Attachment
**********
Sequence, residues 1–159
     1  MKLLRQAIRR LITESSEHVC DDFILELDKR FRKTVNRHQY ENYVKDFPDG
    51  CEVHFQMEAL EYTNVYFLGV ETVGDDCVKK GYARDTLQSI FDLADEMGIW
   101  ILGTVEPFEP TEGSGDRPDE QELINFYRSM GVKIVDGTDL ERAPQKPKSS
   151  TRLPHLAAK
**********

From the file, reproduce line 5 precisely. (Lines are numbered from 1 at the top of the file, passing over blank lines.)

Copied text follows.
   151  TRLPHLAAK